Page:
PLAYBILL: Again literally, how did you feel when writing this play?
BALDWIN: Scared. I’m always scared when I’m writing. Both ends of my digestive tract tense up. I hardly ate a regular meal in months.

PLAYBILL: Is it like that for other playwrights?
BALDWIN: I don’t know. I’m not sure that American theatre has many playwrights. As a result, the vacuum is filled by experts who can’t read or write. The eminence of producers and directors in the U.S. theatre is the playwrights’ fault.

PLAYBILL: Are the producers and directors solely responsible for the state of the American theatre?
BALDWIN: The people who make the decisions think that they know what a play—or a book—is, but they don’t. They are genuinely illiterate. The only reason they are in theatre is because there is almost no genuine theatre in this country.

PLAYBILL: Do you have any personal philosophy as a playwright?
BALDWIN: I agree with Shakespeare: The Play’s The Thing. It is the key, but it is the actors who bring it alive. A playwright and the performers should work in joy—with a common goal. You tell me—the audience—something I don’t know.

PLAYBILL: Must the something be true or real?
BALDWIN: According to my definition, you write a play or you don’t. If it’s worth anything, it’s real. There can’t be an unreal play. Our theatre is not real, and when a people get this divorced from reality they can do anything. The state of our theatre is a sign of an unhealthy society.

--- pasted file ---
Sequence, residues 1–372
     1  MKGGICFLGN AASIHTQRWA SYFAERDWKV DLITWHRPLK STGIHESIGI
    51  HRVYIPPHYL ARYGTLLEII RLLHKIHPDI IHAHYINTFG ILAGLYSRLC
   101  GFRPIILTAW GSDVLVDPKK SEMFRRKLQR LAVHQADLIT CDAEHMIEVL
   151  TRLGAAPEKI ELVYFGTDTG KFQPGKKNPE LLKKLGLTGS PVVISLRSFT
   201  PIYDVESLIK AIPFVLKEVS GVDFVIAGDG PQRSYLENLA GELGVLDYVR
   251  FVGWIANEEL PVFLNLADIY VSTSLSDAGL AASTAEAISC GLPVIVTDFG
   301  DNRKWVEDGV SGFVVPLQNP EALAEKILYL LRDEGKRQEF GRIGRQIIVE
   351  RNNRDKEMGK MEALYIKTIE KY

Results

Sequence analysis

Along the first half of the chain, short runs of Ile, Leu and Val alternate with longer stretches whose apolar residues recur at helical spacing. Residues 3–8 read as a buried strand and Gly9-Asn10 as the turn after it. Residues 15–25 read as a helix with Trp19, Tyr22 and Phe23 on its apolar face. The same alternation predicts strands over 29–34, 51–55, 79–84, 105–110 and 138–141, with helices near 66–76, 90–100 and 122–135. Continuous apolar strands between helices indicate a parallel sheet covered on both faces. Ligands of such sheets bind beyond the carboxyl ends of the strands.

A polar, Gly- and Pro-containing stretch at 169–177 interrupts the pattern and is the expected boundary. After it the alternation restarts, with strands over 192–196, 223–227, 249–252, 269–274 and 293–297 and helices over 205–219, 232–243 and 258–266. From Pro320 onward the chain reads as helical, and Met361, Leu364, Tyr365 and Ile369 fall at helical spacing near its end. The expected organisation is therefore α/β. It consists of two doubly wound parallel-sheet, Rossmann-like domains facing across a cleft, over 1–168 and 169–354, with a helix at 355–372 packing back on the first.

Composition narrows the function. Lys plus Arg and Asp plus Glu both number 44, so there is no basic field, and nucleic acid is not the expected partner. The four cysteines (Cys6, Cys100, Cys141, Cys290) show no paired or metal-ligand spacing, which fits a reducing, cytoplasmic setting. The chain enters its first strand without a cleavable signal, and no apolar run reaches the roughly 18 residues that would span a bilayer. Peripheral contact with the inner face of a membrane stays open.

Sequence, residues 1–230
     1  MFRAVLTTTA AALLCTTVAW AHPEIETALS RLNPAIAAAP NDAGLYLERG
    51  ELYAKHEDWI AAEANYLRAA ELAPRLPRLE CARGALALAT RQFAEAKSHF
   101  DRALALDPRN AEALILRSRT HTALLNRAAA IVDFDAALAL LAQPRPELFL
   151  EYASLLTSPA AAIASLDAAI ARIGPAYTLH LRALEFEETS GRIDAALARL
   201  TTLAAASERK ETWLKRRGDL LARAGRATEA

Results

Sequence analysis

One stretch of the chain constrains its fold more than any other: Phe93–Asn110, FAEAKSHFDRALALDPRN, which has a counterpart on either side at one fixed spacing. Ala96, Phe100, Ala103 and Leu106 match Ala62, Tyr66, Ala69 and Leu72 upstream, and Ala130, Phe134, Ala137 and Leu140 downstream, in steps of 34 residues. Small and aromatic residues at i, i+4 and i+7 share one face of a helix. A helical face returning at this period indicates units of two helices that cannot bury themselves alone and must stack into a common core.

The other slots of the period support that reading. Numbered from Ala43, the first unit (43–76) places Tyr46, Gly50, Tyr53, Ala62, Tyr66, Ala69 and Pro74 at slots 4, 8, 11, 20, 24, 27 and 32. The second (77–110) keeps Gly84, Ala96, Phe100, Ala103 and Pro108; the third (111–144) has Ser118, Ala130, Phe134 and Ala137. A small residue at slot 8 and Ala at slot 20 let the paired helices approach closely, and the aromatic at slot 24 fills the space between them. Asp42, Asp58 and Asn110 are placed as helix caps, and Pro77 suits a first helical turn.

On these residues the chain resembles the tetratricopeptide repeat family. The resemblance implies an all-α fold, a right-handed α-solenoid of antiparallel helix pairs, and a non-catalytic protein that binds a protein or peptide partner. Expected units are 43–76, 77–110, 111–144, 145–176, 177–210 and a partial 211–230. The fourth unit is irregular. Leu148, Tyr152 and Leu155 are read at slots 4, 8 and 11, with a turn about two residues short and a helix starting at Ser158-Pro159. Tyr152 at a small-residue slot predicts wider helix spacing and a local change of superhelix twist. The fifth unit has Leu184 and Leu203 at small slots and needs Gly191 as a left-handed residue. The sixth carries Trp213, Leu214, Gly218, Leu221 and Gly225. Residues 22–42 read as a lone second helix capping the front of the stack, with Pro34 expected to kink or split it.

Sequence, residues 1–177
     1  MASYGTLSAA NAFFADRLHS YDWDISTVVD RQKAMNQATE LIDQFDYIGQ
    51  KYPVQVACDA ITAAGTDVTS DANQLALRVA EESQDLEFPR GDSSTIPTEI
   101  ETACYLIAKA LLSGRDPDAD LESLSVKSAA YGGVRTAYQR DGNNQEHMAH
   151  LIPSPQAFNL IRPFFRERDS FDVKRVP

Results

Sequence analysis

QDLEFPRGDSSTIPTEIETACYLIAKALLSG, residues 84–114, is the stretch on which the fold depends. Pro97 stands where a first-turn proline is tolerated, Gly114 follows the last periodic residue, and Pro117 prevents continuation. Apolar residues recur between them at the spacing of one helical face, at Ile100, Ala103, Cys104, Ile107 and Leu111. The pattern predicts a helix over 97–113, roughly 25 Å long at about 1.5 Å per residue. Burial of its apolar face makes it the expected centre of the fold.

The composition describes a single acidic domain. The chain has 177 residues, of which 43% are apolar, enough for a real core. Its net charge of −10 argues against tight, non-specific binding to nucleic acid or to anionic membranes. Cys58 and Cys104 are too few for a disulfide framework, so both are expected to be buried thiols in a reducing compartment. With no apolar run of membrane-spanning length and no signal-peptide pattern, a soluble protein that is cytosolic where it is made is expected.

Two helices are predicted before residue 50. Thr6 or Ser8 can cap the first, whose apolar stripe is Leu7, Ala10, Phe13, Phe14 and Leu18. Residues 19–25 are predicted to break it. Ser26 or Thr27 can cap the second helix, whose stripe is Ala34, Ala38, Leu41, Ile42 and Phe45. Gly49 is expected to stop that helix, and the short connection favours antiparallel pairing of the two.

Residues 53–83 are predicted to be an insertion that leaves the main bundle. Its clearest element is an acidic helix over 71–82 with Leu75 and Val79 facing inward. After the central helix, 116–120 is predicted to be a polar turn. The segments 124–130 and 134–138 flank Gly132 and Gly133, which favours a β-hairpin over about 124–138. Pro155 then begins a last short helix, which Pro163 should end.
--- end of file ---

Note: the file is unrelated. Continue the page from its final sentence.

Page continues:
PLAYBILL: Does our theatre reflect the truth about 1964 America?
BALDWIN: We see in the theatre what most people think Democracy is, but Democracy is not that simple. Unfortunately, the only virtues most Americans seem to respect are youth and ignorance. It is a crime to grow up, and “culture” is a dirty word. Remember that other country where “culture” was a dirty word? They exterminated 6 million people.

PLAYBILL: Is the yawning flaw unreality or lack of proper proportion, Jimmy?
BALDWIN: Both. If we were living in a civilization with any sense of proportion, a non-writer such as Arthur Miller could never achieve any eminence. It’s not Arthur Miller’s fault that we think he’s an artist. He’s watered-down Clifford Odets. His “love” is some panic-stricken attempt to hang onto his boyhood.

PLAYBILL: I cannot concur, although his latest play is plainly not his finest.
BALDWIN: After the Fall is the only play I ever walked out on. Anybody who could read it and not burn it obviously cannot be taken seriously as a theatre person. I’d say the same about anyone who could read J.B. and not realize that it was simply not a play.

PLAYBILL: To go back to Blues for Mr. Charlie, is it true that the Lincoln Center Repertory wanted to produce it?
BALDWIN: Yes, Kazan asked for it but I had an ethical commitment to the Actors Studio. I know that if I’d written this same play ten years ago nobody would have produced it—certainly not on Broadway. It is now born as a result of a meeting in time, a historical conspiracy or coincidence. The cast is also extraordinary. Take Diana Sands, a great actress. I wrote her part—every word—and she overwhelms me with her performance.

PLAYBILL: Will you write for the stage again?
BALDWIN: I will do more plays. I am now finishing a book with Richard Avedon on the way we now live in America. His pictures, my text—titled An Essay. Then I have a long article to do on the F.B.I. and how it treats Negroes. It will be called The Blood Counters, which is the Negroes’ nickname for the F.B.I. After that, perhaps a play.

PLAYBILL: Thanks for an interesting and provocative interview.
BALDWIN: Do you know why it worked? Because you talked to me as a writer.

PLAYBILL: Doesn’t everybody?
BALDWIN: No, Walter, not anymore.